Stop Snoring: your New Year’s resolution

Stop Snoring: your New Year’s resolution

One third of people worldwide make a new year’s resolution every year. Is banishing snoring one of your resolutions?

Keeping a New Year’s goal in mind can be notoriously difficult; it’s estimated that only 8% of people manage to see their resolutions through. But if you keep your household awake all night, and your snoring causes endless arguments with your partner, you might want to make night-time noise a distant dream when stepping into 2020.

How to keep your new year’s resolution to stop snoring

The first step in reducing your snoring is to discover what’s causing it. Different products treat different types of snoring, so it’s important to find out what kind of snorer you are.

1) Everyday snoring. If your airway narrows too much while you sleep, the air you breathe is then pulled through it faster. This causes the soft tissue in the back of your throat to dehydrate and vibrate, causing the sound you hear as snoring.

Snoreeze Throat SprayOral Strips and Lozenges treat this type of snoring.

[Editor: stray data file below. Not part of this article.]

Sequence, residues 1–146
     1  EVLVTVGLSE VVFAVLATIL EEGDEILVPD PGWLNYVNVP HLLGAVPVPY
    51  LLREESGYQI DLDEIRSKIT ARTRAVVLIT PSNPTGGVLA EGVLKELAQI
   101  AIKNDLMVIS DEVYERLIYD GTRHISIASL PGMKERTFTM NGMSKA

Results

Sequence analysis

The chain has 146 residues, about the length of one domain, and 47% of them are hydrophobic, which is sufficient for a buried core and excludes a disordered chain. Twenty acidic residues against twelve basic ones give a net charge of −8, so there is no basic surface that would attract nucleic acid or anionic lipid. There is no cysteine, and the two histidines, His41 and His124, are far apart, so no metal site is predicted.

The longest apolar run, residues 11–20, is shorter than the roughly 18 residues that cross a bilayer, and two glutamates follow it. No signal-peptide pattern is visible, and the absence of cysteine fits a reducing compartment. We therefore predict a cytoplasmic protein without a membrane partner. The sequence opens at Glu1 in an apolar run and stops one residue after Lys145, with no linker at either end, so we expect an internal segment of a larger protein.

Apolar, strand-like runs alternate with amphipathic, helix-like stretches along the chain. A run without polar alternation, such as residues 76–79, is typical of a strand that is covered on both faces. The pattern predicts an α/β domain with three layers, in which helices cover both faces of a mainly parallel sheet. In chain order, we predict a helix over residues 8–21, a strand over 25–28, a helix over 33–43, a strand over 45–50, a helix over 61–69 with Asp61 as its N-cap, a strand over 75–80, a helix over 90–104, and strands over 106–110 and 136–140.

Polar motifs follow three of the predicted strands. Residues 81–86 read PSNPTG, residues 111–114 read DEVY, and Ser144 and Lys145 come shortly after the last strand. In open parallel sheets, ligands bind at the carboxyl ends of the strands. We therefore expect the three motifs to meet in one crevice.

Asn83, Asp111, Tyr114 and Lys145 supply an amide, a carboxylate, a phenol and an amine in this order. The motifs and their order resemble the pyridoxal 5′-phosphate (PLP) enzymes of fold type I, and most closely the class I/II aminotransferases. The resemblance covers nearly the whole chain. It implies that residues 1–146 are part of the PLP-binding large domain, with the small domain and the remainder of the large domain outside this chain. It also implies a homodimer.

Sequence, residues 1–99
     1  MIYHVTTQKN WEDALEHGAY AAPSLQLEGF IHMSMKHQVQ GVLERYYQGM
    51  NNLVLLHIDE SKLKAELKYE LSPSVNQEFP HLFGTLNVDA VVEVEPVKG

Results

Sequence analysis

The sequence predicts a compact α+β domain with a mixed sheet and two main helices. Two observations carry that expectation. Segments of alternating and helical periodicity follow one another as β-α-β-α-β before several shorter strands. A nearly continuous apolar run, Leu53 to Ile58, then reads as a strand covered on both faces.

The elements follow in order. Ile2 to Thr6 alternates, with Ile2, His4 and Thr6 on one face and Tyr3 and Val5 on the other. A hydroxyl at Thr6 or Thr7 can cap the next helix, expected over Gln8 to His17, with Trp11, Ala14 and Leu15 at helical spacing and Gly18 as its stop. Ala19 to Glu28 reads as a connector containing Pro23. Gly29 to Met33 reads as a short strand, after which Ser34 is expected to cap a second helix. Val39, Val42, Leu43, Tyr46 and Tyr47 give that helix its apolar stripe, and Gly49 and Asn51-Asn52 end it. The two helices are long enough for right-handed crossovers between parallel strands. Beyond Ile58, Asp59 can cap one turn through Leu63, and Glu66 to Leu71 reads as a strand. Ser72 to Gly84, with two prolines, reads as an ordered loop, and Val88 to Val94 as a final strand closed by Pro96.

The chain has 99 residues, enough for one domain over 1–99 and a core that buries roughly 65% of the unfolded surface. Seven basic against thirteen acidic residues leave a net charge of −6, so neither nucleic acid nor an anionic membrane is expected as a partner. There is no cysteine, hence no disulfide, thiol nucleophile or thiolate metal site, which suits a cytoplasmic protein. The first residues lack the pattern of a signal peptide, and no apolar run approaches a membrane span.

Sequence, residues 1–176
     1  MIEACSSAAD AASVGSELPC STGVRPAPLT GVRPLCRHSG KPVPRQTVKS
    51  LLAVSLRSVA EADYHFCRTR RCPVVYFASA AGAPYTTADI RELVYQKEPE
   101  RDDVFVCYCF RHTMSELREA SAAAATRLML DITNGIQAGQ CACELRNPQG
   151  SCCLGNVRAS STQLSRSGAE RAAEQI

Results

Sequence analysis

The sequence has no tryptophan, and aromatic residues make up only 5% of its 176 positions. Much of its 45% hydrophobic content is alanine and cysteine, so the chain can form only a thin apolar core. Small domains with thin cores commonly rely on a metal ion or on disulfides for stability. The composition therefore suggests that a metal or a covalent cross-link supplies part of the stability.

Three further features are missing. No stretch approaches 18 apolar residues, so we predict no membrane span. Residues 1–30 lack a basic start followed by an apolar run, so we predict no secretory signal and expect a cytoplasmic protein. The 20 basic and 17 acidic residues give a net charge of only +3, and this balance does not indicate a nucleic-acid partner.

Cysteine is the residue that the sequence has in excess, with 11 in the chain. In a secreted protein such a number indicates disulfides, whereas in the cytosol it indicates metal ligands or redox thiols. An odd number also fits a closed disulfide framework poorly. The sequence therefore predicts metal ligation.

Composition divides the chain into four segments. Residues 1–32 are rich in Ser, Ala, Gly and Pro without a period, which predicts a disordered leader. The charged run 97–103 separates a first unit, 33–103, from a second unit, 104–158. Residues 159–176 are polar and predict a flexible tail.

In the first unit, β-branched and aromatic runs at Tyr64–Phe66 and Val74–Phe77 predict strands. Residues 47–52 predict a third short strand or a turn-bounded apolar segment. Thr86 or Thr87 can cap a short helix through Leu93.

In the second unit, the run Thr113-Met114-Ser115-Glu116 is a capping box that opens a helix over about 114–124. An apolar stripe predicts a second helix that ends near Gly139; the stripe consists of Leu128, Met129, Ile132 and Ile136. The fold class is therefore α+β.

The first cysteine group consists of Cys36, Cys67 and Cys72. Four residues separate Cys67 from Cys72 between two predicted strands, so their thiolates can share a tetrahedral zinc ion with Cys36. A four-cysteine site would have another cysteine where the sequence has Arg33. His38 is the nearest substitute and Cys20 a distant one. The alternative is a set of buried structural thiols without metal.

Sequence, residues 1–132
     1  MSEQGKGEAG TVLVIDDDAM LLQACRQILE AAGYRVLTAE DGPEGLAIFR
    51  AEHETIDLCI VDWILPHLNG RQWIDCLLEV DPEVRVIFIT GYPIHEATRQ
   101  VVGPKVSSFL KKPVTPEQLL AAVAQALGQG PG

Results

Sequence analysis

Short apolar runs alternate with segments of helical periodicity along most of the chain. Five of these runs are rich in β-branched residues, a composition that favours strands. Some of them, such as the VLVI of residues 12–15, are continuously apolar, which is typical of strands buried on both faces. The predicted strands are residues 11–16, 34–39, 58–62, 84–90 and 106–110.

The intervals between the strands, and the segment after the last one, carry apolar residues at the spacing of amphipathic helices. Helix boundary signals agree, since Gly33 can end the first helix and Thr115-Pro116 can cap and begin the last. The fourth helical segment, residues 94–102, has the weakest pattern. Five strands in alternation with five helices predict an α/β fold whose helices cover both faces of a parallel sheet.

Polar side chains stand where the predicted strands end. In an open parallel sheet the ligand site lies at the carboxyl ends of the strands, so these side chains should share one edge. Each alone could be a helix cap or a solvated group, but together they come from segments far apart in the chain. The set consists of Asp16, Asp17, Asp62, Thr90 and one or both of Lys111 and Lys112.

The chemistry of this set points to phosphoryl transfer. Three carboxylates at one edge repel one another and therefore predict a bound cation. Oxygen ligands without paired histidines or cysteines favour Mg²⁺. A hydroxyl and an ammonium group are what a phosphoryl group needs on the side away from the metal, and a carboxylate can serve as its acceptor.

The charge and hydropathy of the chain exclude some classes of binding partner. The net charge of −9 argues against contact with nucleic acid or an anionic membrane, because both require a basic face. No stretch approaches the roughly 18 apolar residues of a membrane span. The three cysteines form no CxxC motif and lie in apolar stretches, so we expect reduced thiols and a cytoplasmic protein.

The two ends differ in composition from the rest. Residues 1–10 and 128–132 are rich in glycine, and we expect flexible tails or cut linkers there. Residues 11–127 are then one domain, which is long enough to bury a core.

2) Snoring with congestion. When nasal tissue swells during a cold (or because of allergies), the airflow through the nose becomes blocked. This forces the air to travel faster and further dehydrate the tissue in your throat. Nasal congestion can make you snore in the night and have a dry mouth when you wake.

Snoreeze Nasal Spray and Nasal Strips treat this type of snoring.

3) Loud snoring and obstructive sleep apnoea (OSA).Snoring is caused by the soft tissue in the back of the throat vibrating when your airway relaxes during sleep. But in some cases, the airway becomes so narrow that the walls of the airway stick together and close up. This usually happens for around 10-30 seconds at a time, but can occur for longer – sometimes up to 50 times an hour or even more. When the airway finally opens up again, you might emit a loud, violent snore. This event is known as an apnoea.

The Snoreeze Oral Device and the Snoreeze LabFit Oral Device treat OSA and snoring by holding your jaw in the right position while you sleep. This opens your airway and helps you breathe. If you think you have OSA, you should visit your doctor as soon as possible – they’ll be able to recommend a suitable treatment.

 

If you’re not sure what type of snorer you are, click here to use our helpful diagnosis tool. We’ll analyse your symptoms and recommend the treatment that’s right for you.

New Year’s resolutions can be difficult to stick to. But by dealing with your snoring, you can say goodbye to bedtime arguments – and hello to a healthier and happier 2020.

 

 

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